his taxi past the American base at the wrong time. According to Corey
      E. Jones, one of the MPs who guarded him, the beatings intensified
      when "He screamed out, 'Allah! Allah! Allah!' and my first reaction
      was that he was crying out to his god. Everybody heard him cry out and
      thought it was funny. ... It became a kind of running joke, and people
      kept showing up to give this detainee a common peroneal strike just to
      hear him scream out 'Allah.' It went on over a 24-hour period, and I
      would think that it was over 100 strikes."

      The term "haji" is not simply an ethnic slur, like "gook," "jap,"
      "jerry" or "nigger." All ethnic slurs entail hostile stereotypes, but
      "haji" is a specifically religious stereotype based on hostility
      toward Muslims. In our 2003 book, Weapons of Mass Deception, John
      Stauber and I described the efforts that the Bush administration has
      undertaken to rebrand America in the eyes of Arabs and Muslims,
      spending hundreds of millions of dollars on projects including Radio
      Sawa, Al Hurra, a "Shared Values" campaign, and the Council of
      American Muslims for Understanding. Through glossy brochures, TV
      advertisements and websites, the United States has sought to depict
      America as a nation of religious tolerance that respects and
      appreciates Islam. These words, however, are constantly being
      undermined by the actual deeds and attitudes of the Bush
      administration's most ardent supporters, including soldiers in the
      field in Afghanistan and Iraq. While the White House has tried to
      frame the war in Iraq as a "war on terror," its own supporters keep
      reframing it as a war against Islam. This is a serious, if not fatal
      error. Rather than fighting a few thousand actual terrorists, the
      United States is positioning itself in opposition to one of the
      world's major religions, with more than a billion adherents worldwide.

      Culture shock and awe

      "Hadji Girl" also refers to another aspect of soldiers' experiences in
      Iraq: the language barrier that prevents them from communicating
      effectively. The refrain, "Dirka dirka Mohammed Jihad / Sherpa Sherpa
      Bak Allah," is borrowed from the movie "Team America: World Police."
      According to filmmaker Matt Stone, the the phrase is not real Arabic
      but a parody of "Arabic gibberish which they just go, you know,
      'Dirka-dirka, Muhammad, Muhammad Ali.' ... And that, to me, is what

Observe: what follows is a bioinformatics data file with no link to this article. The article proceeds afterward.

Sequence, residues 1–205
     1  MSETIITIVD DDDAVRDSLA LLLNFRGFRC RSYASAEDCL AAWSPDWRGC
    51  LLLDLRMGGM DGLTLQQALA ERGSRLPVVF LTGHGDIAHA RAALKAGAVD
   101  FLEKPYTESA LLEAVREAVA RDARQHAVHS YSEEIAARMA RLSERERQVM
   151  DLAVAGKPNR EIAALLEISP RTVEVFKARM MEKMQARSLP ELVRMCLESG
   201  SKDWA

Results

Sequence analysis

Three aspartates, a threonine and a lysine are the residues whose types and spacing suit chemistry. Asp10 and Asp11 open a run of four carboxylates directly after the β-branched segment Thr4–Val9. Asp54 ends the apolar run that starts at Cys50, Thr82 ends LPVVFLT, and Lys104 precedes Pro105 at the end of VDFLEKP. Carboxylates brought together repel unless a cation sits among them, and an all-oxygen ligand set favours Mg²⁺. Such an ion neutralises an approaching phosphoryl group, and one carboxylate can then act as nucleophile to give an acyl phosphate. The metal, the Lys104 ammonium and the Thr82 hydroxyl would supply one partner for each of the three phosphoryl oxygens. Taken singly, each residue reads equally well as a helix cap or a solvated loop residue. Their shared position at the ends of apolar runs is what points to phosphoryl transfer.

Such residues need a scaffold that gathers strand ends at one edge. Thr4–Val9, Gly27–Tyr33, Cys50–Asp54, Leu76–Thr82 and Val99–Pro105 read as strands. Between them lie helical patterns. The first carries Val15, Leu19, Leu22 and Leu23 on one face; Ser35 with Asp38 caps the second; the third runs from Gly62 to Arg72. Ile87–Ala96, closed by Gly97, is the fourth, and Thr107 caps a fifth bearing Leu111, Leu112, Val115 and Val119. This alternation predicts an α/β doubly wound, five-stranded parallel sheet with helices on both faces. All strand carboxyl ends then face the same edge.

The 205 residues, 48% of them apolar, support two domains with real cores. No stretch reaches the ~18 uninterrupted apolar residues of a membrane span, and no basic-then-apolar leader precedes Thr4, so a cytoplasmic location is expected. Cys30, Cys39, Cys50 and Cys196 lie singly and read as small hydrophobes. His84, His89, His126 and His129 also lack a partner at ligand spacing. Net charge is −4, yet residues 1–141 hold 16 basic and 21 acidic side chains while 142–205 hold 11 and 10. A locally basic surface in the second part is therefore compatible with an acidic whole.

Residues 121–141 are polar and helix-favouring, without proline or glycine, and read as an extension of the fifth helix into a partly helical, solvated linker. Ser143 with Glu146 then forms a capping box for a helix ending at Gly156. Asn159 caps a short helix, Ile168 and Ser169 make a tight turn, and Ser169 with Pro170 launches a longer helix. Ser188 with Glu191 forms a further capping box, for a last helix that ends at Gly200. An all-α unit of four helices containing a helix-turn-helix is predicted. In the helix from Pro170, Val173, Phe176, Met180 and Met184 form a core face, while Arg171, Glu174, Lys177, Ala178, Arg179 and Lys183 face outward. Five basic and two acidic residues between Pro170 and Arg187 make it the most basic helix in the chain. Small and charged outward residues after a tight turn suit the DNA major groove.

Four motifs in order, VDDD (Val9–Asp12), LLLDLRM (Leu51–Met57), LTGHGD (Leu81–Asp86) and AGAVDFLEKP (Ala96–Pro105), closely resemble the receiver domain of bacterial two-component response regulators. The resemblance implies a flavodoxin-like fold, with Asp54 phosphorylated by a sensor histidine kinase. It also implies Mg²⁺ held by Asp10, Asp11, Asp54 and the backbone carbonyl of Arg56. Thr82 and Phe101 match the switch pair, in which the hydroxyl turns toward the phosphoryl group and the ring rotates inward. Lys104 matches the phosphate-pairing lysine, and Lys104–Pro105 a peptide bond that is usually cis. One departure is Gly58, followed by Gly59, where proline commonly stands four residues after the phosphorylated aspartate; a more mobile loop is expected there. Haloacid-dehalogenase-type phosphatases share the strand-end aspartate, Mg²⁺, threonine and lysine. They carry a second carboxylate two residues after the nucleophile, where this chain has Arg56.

terrorists sound like when I look at their little tapes that they
      release." This inability to comprehend the local language contributes
      to the soldiers' inability to distinguish between friend or foe,
      forcing them to suspect that anyone -- including the beautiful girl
      you just met, or her family -- might be a terrorist.

      These facts began to shape the relationship between U.S. soldiers and
      Iraqis early in the war, as Associated Press reporter Andrew England
      noted in September 2003:

      Young American soldiers -- many carrying out operations they have
      little training for -- find themselves in a hostile environment,
      unable to speak the local language or distinguish "the good guys from
      the bad guys."
      Most just want to survive and return home. Some have grown to despise
      Iraqis, whom they call "Hajis," scowling rather than waving as they
      pass locals along highways and dirt roads. ... "I hate the Hajis. All
      of them are liars. They injured one of my soldiers," said one.
      "You don't want to know what I think about them, they shot at me one
      too many times," said another.
      It is worth noting that one of the few conscientious objectors who
      have actually served with the military in Iraq, Aidan Delgado, had a
      very different perspective of Iraqis because he did know how to speak
      the language:

      It was tough for me to see brutality coming out of my own unit. I had
      lived in the Middle East. I had Egyptian friends. I spent nearly a
      decade in Cairo. I spoke Arabic, and I was versed in Arab culture and
      Islamic dress. Most of the guys in my unit were in complete culture
      shock most of the time. They saw the Iraqis as enemies. They lived in
      a state of fear. I found the Iraqis enormously friendly as a whole.
      One time I was walking through Nasiriyah with an armful of money,
      nadirs that were exchanged for dollars. I was able to walk 300 meters
      to my convoy -- a U.S. soldier walking alone with money. And I
      thought: I am safer here in Iraq than in the states. I never felt
      threatened from people in the South.
      It would be a mistake to imagine that the casual brutality of "Hadji
      Girl" is coming from people who are simply evil or racist or cruel.
      The soldiers occupying Iraq are normal men and women who, in other
      circumstances, would never commit the abuses that have been documented
      in Bagram and Abu Ghraib and that are now alleged in Haditha. The
      situations in which this war has placed them -- far from home,
      surrounded by a foreign language and foreign culture, carrying guns
      and fearful for their lives -- have brought out behaviors that we
      would not see otherwise. If American soldiers and Iraqis could meet
      under different circumstances, things would be different. Here, for
      example, is how Iraqi blogger Salam Pax described his experience upon
      visiting the United States and having dinner with an American soldier:

      You have no idea how strange it feels that we share so much in common.
      When I told him I would never actually approach an American soldier on
      the street in Baghdad, he told me that if we were in Baghdad he would
      probably be talking to me with his gun pointing at me because he would
      be scared shitless. Yet there we sat, drinking beers together.
      America's cultural isolationism and prejudices are exposed by "Hadji
      Girl," but that's only part of the story. The war itself is
      encouraging these dark aspects of human nature, by bringing Americans
      and Iraqis together in an environment full of tension, fear, hatred
      and violence. And if the war itself is creating these evils, how can
      it hope to end them?